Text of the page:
The NFT Craze is Coming to Retailers Near You
First published in the Sydney Morning Herald on 25 July 2022
From Pringles to activewear, there are few retail categories that have been left untouched by the NFT craze over the past year — and global tech companies are tipping Australians will soon see even more opportunities to buy digital tokens.
The rise and rise of “non-fungible tokens”, or one-of-a-kind assets that leverage the blockchain, has come at the same time retailers across the globe have faced citywide COVID shutdowns, rising inflation, and fears of recession.
In 2021, global brands started testing the waters by asking some of their most loyal fans to buy tokens. Adidas sold millions of dollars worth of an NFT which gave owners access to physical products, while Pringles launched a “CryptoTwist” flavour, available only in a digital format.
Closer to home, Penfolds launched a token that would give its holders access to winenot available for public sale.
While companies are still just experimenting with tokens, retail tech companies are taking notice.
There’s plenty of hype around tokens, says Loni Stark, vice president of content and commerce products at design software giant Adobe, with more to come.
“I think that what you’re seeing is that there is going to be a hype cycle of NFTs – it is like when mobile apps first came along,” she said.
“We went through this whole period where there were so many mobile apps and then people really figured out where they were valuable.”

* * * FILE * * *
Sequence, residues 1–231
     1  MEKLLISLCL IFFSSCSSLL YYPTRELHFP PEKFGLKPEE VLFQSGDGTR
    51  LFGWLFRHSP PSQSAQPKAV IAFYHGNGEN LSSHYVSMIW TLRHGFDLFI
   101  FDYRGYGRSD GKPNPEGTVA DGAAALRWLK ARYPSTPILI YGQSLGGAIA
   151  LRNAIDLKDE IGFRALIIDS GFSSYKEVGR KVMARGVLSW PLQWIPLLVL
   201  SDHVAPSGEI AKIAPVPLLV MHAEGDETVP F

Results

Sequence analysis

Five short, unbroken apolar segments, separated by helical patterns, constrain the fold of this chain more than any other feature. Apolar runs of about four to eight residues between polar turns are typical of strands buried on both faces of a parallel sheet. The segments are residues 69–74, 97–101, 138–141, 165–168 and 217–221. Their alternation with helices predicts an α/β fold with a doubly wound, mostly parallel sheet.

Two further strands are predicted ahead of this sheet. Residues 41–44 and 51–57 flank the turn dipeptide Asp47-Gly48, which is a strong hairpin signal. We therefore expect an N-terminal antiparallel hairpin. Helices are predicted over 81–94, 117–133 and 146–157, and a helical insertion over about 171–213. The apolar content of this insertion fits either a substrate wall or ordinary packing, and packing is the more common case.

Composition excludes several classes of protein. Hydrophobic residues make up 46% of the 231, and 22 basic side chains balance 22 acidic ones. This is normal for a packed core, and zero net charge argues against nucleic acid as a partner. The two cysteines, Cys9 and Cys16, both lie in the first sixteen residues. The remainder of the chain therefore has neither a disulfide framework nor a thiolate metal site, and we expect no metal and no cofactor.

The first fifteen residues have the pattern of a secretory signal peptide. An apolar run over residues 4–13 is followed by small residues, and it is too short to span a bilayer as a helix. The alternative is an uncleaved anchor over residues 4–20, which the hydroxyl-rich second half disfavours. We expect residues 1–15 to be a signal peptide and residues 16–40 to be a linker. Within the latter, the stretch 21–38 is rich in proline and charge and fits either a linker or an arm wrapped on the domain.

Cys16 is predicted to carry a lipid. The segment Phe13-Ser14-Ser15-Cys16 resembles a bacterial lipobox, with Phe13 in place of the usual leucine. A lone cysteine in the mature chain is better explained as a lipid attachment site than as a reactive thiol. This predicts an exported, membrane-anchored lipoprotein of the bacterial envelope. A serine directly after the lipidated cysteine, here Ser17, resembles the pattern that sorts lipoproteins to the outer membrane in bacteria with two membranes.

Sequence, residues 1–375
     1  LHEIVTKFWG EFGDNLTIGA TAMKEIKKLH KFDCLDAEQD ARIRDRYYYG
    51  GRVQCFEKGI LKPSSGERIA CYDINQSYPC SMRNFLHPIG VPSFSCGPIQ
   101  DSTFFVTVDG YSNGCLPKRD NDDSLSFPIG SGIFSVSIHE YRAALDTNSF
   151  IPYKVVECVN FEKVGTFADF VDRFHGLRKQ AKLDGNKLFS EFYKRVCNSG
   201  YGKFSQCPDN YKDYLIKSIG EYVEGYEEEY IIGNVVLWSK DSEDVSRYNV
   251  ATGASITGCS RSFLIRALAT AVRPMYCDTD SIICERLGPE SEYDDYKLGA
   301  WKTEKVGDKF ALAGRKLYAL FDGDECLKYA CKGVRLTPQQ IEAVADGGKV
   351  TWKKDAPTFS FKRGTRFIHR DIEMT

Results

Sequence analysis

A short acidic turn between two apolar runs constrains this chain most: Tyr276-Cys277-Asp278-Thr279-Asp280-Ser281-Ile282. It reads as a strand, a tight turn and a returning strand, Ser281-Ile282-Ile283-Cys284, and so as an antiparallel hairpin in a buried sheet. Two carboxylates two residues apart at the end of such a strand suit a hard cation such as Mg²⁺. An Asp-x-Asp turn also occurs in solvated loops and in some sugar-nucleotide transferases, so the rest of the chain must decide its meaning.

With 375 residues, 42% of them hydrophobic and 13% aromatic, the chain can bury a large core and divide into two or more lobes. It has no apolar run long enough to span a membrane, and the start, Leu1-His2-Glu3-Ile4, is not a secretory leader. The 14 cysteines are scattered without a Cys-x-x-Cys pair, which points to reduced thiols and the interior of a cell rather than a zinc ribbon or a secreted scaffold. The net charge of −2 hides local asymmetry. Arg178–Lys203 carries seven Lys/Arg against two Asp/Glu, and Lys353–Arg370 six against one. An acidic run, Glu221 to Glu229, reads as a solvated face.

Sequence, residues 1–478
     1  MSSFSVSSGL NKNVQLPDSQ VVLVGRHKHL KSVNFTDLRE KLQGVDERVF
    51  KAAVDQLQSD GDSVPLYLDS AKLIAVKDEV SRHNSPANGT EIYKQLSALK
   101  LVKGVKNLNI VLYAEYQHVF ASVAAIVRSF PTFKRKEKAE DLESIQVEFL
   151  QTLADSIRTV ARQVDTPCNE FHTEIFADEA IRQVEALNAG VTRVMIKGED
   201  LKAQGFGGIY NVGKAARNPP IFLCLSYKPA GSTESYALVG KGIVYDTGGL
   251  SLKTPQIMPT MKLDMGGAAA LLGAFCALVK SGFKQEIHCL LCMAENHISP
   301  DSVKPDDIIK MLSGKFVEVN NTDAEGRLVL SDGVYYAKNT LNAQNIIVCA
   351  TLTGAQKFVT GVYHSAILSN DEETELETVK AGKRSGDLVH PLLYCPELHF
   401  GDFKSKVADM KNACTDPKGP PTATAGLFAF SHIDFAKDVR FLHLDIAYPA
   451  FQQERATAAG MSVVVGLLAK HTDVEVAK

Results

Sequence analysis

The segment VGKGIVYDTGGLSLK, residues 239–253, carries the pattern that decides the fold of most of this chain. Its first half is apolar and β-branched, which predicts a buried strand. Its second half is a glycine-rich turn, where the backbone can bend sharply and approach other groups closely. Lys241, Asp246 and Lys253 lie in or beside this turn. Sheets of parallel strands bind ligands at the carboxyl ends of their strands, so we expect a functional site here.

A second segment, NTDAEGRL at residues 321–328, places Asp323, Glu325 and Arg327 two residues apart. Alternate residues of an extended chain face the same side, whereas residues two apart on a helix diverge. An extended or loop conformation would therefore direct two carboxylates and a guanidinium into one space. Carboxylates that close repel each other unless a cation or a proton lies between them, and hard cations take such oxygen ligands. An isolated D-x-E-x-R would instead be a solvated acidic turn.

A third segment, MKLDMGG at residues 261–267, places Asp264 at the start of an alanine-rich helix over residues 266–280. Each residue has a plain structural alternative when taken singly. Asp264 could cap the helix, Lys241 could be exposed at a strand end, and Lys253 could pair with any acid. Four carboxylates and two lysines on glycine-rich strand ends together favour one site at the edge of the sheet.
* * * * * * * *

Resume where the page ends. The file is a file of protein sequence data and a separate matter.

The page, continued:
Adobe, which makes blockbuster design software such as InDesign and Photoshop, is also an e-commerce platform for businesses. It has been rolling out tools to help companies launch NFTs since the end of last year.
Stark says the hope is that brands and developers push their way through that “hype cycle” to a place where tokens add value to physical products or build up communities around brands.
“There are companies that are investing in these in a smart way, thinking about the core business that they have and how NFTs can increase the value of that product.”
Brent Bellm, chief executive of BigCommerce, the Australian-founded retail software business, agrees there are ways retailers can use the tech well — but we’re not at the point of these being mainstream yet.
“It’s bleeding edge, not leading edge. Very few consumers have yet adopted them, and there aren’t a tonne of examples yet where it works,” he said.
Despite the hype, there are ways retailers can use tokens effectively, he said.
“Some of the clever use cases are getting into physical goods that come with an NFT. You authenticate that your physical item is the real thing.”
Tokens can also be used to simply better engage with customers – a critical task in a post-COVID world where consumers have shown just how sophisticated they are in navigating the thousands of buying options out there.
The consumer is so empowered and so knowledgeable these days. That really favours brands and retailers that respect that knowledge,” Bellm said.
Nick Abrahams, global co-leader of digital transformation practice at Norton Rose Fullbright, thinks NFTs will become a mainstream trend for consumers within the next couple of years.
Shoppers looking to buy a token from their favourite retailer with hopes it will be an investment that will go up in value should beware, however.
“I’m not a big proponent of corporate NFTs as an investment proposition. As an interesting way to become more engaged with the brand though, I think it’s good for people to buy them.”
Retailers that want to launch tokens will have to be thinking about how they are of use to customers, Abrahams said.
“It is a big sandpit at the moment, where people are experimenting – but there needs to be utility to it. The question [to the company] would be, ‘what’s the utility’?”
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